The question of should we run, or can we defeat every monster.
I think my answer firmly puts me in the "combat as war" camp, but also perfectly shows off one of the things that I love about RPGs. Something that keeps me coming back.
For those too lazy to follow the link, here's the question and my response:
Will we need to run from some encounters, or will we be able to kill everything? You don't NEED to run. But see questions 1 and 2 above if you don't when you should. If you're clever, though, yes, you CAN kill everything. It's up to you to figure out how in some cases.Questions 1 and 2 being about character generation and character death (for me, at 0 hit points, no "death and dying" rules).
Should every encounter be one where the players can just attack and expect to win? Absolutely not.
Should there be a way that even a single level 1 PC could destroy the toughest of dragons, giants or balrogs? Yes, there absolutely should...
...if the player is clever enough to think of one, that is.
If I throw a super tough monster in an encounter, or a force of lesser monsters that can overwhelm the PCs, it's not the time to run in and roll initiative, roll to hit, roll damage, rinse and repeat.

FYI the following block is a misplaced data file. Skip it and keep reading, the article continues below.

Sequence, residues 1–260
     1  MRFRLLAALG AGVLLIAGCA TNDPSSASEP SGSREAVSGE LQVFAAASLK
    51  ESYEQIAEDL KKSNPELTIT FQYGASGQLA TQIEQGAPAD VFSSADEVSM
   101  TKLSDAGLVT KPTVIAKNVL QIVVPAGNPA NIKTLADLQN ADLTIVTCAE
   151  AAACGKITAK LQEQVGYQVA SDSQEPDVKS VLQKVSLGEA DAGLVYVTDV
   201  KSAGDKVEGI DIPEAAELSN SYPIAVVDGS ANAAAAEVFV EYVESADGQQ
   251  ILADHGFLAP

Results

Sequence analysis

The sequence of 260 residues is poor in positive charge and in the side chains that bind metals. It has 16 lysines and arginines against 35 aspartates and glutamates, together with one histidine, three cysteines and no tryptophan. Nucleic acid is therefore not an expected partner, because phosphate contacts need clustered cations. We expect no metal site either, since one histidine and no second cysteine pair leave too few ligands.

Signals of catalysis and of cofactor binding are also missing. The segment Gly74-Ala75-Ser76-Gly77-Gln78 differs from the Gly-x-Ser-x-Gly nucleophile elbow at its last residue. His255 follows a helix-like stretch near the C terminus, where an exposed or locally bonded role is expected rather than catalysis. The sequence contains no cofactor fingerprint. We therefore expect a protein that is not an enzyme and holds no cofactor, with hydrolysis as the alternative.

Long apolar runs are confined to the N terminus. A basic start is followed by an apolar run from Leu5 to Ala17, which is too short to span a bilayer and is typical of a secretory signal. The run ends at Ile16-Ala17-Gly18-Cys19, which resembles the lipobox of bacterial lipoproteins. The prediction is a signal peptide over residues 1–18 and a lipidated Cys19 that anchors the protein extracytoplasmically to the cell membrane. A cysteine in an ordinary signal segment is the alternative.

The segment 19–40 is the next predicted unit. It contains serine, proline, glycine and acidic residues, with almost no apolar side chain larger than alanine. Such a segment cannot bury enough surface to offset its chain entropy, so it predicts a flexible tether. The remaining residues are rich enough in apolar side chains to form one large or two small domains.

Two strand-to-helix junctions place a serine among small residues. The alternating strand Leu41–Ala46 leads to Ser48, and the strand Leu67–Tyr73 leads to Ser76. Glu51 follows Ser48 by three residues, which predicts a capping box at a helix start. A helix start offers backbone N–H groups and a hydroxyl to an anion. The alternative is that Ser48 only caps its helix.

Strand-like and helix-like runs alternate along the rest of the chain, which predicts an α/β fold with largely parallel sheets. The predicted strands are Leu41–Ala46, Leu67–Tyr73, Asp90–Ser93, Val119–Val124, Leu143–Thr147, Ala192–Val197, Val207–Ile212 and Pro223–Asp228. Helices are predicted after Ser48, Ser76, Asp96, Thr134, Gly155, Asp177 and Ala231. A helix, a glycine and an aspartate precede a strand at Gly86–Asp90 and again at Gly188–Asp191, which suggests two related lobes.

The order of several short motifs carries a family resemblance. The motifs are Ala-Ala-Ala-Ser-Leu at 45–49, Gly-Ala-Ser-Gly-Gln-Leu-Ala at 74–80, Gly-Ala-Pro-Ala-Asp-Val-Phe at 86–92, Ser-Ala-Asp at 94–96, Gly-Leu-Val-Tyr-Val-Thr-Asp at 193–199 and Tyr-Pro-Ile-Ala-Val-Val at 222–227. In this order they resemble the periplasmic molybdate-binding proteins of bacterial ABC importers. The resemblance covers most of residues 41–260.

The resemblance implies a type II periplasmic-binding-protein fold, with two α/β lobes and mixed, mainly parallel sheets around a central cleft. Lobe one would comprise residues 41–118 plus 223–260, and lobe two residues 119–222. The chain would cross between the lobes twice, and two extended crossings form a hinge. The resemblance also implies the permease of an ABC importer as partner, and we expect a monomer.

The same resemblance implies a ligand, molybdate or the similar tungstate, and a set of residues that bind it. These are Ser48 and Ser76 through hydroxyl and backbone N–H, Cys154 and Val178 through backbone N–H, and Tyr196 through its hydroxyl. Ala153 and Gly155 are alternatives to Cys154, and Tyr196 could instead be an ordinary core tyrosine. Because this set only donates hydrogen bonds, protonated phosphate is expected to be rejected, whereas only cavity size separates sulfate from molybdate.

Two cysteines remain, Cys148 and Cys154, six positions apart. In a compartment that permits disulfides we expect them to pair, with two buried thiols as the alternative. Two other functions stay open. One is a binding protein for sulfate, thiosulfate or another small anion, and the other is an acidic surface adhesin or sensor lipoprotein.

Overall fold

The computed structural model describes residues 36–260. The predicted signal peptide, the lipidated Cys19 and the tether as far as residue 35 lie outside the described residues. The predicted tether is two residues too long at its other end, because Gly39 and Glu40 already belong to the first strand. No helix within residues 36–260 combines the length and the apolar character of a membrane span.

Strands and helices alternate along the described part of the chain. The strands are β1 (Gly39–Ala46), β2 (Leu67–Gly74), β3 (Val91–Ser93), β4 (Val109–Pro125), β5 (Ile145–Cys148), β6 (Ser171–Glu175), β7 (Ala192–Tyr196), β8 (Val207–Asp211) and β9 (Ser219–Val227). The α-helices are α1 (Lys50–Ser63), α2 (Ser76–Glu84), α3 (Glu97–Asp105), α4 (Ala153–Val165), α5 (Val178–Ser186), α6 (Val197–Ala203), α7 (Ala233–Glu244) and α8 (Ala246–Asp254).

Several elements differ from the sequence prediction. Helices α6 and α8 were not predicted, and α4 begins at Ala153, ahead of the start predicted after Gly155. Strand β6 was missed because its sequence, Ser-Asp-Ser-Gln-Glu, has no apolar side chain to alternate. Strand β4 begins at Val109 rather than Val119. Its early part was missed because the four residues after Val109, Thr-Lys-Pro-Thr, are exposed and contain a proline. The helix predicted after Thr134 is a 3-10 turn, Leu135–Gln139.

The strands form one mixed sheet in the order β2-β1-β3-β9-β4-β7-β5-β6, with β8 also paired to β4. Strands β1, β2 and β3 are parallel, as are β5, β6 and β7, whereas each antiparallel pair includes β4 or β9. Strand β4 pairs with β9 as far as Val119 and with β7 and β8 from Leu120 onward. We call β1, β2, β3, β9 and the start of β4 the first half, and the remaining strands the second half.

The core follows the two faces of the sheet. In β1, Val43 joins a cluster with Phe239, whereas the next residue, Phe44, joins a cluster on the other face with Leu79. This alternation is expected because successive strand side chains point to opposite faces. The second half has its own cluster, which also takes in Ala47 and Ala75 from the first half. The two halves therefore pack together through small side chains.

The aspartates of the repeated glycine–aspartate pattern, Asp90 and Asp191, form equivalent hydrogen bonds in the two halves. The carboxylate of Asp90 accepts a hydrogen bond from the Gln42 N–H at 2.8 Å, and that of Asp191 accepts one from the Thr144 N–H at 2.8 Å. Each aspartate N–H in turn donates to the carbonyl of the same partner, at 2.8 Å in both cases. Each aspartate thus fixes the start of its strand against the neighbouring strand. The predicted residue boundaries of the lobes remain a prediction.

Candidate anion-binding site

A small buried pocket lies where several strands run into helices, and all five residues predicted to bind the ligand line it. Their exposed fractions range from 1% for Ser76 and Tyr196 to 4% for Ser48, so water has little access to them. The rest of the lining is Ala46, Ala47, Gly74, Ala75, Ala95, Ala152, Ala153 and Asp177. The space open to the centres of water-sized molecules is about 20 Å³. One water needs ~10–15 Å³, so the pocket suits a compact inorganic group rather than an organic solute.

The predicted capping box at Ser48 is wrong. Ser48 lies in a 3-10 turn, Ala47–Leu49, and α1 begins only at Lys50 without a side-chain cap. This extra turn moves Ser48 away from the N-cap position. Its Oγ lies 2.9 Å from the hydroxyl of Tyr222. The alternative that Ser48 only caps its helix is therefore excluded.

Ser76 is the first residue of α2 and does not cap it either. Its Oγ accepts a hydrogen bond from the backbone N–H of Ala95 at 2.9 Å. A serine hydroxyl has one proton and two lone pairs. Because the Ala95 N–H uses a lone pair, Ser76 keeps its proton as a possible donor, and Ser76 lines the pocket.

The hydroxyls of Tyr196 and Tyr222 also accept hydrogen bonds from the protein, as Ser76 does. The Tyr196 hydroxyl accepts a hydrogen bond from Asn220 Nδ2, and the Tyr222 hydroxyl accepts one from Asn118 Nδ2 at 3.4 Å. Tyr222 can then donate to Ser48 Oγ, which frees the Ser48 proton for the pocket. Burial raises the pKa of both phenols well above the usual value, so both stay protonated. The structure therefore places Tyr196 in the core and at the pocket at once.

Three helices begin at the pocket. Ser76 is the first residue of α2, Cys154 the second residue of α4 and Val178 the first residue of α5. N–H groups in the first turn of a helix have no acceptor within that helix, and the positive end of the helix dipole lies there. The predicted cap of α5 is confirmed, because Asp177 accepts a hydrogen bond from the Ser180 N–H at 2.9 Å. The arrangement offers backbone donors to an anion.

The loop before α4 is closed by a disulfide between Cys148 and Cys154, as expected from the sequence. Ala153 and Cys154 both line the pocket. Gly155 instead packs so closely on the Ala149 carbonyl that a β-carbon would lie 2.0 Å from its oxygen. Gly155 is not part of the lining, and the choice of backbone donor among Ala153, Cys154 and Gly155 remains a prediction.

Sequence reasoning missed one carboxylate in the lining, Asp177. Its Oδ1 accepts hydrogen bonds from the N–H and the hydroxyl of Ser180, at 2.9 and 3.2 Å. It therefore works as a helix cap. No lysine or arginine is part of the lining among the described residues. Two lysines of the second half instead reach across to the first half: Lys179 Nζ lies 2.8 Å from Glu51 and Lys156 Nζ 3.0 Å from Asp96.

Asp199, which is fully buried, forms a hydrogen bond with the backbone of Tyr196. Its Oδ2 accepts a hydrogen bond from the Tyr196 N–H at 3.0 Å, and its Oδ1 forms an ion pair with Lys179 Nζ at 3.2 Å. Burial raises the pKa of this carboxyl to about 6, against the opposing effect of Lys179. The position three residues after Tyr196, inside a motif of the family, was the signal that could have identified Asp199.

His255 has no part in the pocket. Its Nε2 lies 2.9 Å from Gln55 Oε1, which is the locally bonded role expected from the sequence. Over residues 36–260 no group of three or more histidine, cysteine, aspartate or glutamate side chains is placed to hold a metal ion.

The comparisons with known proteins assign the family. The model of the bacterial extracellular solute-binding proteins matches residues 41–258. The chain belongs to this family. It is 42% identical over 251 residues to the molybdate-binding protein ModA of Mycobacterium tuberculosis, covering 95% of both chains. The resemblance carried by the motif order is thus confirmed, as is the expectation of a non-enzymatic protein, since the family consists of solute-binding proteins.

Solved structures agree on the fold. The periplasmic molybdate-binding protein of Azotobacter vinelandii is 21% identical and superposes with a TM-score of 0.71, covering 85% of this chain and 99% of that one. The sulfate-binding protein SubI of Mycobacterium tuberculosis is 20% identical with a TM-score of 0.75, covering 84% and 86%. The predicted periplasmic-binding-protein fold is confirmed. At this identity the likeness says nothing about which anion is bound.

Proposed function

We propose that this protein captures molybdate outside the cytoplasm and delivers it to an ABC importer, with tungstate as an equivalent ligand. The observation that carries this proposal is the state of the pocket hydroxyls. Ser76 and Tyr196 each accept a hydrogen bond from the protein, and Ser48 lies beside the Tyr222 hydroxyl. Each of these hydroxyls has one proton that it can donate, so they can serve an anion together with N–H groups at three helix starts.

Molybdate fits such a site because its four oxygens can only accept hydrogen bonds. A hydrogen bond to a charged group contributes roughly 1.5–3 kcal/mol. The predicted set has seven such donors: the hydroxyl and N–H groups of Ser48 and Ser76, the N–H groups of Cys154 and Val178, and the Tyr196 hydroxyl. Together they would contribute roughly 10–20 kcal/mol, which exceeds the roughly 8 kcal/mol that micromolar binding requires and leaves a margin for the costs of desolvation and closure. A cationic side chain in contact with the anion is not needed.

Running is likely the best option (surrender is also on the table, but I don't think that's often happening in most RPGs).
But just like Spider-Man, who gets whipped up on by the Hobgoblin in the first few pages of the comic, if the players can come up with some clever stratagem to defeat the overpowered foes, there should be decent odds for it to actually work.
Players need to realize, though, that even when they have that foolproof plan to lure the dragon into wasting its breath weapons on illusions, quaffing the potion of diminution that it thinks is a potion of invisibility, and then stuffing it into the bag of holding and tossing it into the bottomless pit, that plan might not be as foolproof as they would like. Things may go wrong, and likely there will be a TPK or near TPK if something does go wrong.
Nothing ventured, nothing gained.
Think it's not worth the risk? Then stick to the orc warrens and sewers chock full of giant rats until you feel tough enough, by all means.
Again, I'm reminded of the bear cave in my Board Game Group sandbox game from 2 years ago. For a party of low level characters, two bears were a dangerous encounter, but one they could have won with more luck or the right tactics. Dave had suggested the correct tactics (going back to town for boar spears to keep the bears at bay), and if they had followed through, they could have defeated the bears without suffering the lost characters.
The stuffing the diminutive dragon into a bag of holding was something Killing Machine came up with back when we were kids.
Next time you find yourself up against a foe that you can't defeat toe to toe, try to think of some way to flood the Augean stables, keep the trolls arguing until the sun rises, go forth and bring back a shrubbery, or take off and nuke the entire site from orbit.
And as old Jack Burton says, "It's all in the [mental] reflexes."